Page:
In my course on Music and Media, students are required to lead one in-class discussion during the semester. I decided to assign this for a couple of reasons. One, of course, is that I get tired of listening to the sound of my own voice; but I also believe that leading and contributing to discussions is a skill, one that can be improved through practice. During these discussions, my class sits in a circle. The discussion leader (or leaders) sit in two desks at the front of the room, while I try to choose a desk near the back of the room. I do my best to stay out of the discussion, since the whole point of the exercise is to get the students talking to each other, not to me. Since I’ve always been the student who can’t stand awkward silences and has to jump in with the answers (think Hermione in Harry Potter, complete with the frizzy hair) this is excellent practice for me, too, in letting others speak.
I was nervous when the time came for the first of these in-class discussions. The two women who signed up to lead discussion had participated in earlier discussions, but (at least in these initial class meetings) seemed somewhat shy and quiet. I hoped that this assignment wouldn’t prove too burdensome for them, and told them they could have anywhere from half an hour to the full hour and a half for discussion of their assigned text—we could just see how the conversation went. I was also a bit nervous about the text I had assigned, Marshall McLuhan’s “The Medium is the Message,” which can be opaque even to someone who’s well acquainted with literature on media and technology. I worried that undergraduates, who had probably never encountered any work of McLuhan’s before, would find the text overly demanding, and that their peers would find it intimidating to join in the discussion.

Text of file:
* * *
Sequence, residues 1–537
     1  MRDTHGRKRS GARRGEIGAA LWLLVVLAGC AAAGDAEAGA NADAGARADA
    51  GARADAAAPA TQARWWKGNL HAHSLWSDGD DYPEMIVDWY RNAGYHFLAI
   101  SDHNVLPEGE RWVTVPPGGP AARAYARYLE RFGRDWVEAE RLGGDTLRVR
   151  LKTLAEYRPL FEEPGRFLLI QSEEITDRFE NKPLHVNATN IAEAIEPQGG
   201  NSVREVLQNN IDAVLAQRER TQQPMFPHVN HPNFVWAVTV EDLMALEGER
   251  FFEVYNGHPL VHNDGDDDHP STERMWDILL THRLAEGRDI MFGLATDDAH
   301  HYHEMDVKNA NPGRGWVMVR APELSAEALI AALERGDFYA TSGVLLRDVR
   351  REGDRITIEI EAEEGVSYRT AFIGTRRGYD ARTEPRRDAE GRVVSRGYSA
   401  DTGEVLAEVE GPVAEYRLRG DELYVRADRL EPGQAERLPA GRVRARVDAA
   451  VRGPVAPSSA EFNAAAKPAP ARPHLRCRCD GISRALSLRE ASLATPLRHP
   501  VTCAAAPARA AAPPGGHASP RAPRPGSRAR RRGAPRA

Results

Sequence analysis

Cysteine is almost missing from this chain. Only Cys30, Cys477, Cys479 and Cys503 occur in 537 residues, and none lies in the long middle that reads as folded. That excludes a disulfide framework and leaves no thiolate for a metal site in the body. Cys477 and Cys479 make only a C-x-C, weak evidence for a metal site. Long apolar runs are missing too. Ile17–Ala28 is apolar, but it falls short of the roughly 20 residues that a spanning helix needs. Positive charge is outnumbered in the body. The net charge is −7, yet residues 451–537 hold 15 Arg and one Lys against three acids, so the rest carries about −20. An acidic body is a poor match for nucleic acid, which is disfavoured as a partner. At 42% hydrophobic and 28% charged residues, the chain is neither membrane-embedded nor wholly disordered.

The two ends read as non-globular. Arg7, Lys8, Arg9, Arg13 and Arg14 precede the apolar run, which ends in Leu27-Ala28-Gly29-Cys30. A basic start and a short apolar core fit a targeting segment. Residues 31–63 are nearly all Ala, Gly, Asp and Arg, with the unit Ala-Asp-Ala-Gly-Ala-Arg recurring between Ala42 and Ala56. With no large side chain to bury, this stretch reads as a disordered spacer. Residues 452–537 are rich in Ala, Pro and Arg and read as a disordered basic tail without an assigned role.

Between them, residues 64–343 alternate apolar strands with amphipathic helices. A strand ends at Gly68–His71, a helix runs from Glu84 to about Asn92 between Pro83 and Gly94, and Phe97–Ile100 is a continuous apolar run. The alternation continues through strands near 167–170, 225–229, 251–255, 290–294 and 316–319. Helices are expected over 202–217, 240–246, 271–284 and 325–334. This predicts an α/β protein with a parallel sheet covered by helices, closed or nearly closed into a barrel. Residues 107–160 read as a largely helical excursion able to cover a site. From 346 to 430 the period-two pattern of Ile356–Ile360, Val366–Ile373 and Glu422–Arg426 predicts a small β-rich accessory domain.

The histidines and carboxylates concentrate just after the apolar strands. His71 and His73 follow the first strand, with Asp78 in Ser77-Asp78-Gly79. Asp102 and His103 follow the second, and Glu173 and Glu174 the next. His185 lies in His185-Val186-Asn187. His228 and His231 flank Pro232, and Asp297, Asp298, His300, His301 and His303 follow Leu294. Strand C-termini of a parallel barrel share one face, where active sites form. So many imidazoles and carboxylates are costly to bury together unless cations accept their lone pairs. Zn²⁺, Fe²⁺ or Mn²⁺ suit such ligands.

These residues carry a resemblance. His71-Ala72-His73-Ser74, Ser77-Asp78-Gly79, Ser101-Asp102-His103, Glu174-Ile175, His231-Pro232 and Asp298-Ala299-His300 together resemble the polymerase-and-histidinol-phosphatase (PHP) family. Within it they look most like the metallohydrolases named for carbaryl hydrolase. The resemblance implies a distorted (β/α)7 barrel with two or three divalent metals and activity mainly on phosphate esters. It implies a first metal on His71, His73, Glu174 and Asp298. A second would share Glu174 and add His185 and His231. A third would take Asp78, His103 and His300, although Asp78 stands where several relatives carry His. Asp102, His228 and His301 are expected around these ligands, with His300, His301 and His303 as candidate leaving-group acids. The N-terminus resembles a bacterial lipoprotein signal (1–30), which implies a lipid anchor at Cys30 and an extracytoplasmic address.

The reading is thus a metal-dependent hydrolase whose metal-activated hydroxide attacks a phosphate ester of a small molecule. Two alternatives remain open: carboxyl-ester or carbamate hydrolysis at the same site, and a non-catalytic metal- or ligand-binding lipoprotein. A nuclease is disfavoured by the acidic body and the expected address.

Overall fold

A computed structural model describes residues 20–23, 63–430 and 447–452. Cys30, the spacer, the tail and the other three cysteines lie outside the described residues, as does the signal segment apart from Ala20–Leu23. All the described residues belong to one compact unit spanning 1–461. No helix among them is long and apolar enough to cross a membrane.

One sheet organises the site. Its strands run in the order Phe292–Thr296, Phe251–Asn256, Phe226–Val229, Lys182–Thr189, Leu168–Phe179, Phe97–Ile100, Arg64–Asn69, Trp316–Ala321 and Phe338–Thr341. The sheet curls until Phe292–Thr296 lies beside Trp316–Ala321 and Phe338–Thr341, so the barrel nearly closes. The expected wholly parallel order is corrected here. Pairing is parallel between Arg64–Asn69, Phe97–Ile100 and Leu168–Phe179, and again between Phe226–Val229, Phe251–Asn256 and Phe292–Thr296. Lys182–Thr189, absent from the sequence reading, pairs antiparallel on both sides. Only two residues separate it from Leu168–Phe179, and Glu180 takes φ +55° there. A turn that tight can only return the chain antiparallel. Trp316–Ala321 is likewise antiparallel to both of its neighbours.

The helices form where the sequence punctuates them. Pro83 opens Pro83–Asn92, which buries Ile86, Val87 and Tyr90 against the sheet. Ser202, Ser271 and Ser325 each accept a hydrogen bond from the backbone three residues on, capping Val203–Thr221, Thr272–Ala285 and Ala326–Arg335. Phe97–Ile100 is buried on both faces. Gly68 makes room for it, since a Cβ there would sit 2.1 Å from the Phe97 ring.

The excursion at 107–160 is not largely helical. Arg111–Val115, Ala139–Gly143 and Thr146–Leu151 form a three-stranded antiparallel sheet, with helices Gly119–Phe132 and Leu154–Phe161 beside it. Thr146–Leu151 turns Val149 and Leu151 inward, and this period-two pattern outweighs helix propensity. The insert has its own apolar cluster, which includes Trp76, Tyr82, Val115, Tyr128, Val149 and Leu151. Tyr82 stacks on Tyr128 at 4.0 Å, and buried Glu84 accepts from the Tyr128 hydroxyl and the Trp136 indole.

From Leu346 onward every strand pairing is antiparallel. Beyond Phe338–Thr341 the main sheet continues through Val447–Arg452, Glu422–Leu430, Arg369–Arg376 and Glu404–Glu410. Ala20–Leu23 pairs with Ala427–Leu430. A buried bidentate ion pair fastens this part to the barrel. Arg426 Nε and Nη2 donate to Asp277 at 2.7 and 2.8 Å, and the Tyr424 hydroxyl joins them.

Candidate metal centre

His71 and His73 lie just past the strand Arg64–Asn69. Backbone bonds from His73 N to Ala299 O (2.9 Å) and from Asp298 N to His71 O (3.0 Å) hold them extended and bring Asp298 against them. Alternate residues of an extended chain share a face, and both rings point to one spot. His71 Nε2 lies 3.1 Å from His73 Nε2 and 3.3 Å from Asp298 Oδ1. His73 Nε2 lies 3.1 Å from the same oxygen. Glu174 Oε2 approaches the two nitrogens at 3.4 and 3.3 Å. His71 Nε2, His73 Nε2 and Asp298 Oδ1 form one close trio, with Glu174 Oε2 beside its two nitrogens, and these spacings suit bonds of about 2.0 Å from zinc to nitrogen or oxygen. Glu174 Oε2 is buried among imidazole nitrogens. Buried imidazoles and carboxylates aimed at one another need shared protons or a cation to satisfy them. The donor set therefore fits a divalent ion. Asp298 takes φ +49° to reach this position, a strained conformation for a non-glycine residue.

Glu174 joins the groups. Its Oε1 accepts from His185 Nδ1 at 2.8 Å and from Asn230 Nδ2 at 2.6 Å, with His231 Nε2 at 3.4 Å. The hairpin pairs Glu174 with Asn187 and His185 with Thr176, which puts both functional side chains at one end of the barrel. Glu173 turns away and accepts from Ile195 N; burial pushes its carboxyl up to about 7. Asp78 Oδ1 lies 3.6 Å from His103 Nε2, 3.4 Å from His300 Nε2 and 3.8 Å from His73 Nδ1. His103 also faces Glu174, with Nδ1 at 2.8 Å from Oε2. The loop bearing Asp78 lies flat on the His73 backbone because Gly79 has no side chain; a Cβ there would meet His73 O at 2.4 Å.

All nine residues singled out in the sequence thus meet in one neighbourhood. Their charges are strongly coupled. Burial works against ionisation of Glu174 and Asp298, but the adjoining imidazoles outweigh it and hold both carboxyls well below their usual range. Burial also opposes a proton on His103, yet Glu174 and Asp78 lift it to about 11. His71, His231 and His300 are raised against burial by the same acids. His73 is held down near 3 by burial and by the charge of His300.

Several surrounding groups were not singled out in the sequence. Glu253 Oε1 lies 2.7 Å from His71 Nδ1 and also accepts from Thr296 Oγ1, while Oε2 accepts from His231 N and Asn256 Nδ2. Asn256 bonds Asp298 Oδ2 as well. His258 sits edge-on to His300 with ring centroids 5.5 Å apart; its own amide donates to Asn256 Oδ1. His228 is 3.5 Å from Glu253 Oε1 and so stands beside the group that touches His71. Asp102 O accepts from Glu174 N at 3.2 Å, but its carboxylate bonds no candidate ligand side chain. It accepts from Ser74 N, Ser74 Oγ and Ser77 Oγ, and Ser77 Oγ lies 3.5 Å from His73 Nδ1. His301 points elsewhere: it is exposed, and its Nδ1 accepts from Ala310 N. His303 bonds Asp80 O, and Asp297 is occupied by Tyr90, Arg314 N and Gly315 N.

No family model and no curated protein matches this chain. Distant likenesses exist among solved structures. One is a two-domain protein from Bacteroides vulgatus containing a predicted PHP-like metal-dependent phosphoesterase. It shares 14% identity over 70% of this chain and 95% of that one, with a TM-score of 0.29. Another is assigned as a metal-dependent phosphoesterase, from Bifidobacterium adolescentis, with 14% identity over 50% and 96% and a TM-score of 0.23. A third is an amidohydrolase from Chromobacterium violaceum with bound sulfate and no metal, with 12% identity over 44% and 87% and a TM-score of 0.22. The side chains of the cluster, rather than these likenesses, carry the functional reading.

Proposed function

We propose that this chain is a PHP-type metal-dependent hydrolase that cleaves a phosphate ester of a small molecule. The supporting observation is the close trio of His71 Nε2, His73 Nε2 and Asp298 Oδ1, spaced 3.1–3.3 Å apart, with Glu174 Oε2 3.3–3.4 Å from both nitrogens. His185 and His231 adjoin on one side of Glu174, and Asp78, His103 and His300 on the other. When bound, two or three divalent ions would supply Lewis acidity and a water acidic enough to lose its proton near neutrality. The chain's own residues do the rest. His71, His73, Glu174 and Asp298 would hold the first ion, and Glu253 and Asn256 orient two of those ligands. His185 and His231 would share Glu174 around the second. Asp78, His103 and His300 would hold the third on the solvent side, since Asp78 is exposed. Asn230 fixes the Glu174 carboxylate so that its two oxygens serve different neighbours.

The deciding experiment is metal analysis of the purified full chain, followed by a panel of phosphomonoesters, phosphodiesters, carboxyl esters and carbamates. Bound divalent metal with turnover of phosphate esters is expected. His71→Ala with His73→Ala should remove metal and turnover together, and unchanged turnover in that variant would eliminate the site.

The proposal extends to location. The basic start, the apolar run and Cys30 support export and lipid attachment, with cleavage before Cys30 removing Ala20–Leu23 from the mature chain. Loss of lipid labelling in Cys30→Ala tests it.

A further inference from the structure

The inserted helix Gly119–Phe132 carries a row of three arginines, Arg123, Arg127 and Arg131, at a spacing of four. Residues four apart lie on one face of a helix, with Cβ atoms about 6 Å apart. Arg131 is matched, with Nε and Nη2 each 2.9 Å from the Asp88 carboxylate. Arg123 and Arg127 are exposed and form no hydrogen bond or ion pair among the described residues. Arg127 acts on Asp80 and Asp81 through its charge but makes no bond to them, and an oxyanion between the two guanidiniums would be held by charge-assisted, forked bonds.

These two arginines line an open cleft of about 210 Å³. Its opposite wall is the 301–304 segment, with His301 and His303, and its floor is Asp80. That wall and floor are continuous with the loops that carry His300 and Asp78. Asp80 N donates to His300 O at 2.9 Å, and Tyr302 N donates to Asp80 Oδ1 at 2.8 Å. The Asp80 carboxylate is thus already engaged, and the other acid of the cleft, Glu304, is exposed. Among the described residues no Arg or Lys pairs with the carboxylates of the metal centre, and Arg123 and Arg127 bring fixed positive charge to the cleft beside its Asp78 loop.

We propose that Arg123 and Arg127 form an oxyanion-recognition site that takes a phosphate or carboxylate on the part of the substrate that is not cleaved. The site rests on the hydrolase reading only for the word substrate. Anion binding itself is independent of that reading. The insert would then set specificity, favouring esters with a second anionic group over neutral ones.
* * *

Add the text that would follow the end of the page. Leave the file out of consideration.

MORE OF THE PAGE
My concerns turned out to be completely unjustified. Our classroom leaders came armed with questions, just as I had asked—and not only questions, but insightful and pointed comments that drew out the discussion far longer than the half hour I had assigned. One of the class leader’s comments struck me as an utterly brilliant extension of McLuhan’s arguments; she said, “If I have an apple, and I tell you I have an apple, then it’s like you and I have agreed on the set of characteristics that the word “apple” means.” I haven’t been able to forget this comment since—because, as she went on to explain, it reinforces the concept that language is a medium at the same time as it draws attention to the way social forces define our interactions, both with and through media. Her comment sparked an intense discussion about “what we mean when we say things,” which touched on contemporary politics, social media, and how we come to understand the difference between right and wrong. We did eventually come back to McLuhan, but this turn in the conversation had changed everything, because all of a sudden we were talking about something with real-life significance—how a medium, whether it’s television, or radio, or language, shapes the way we understand and interact with each other.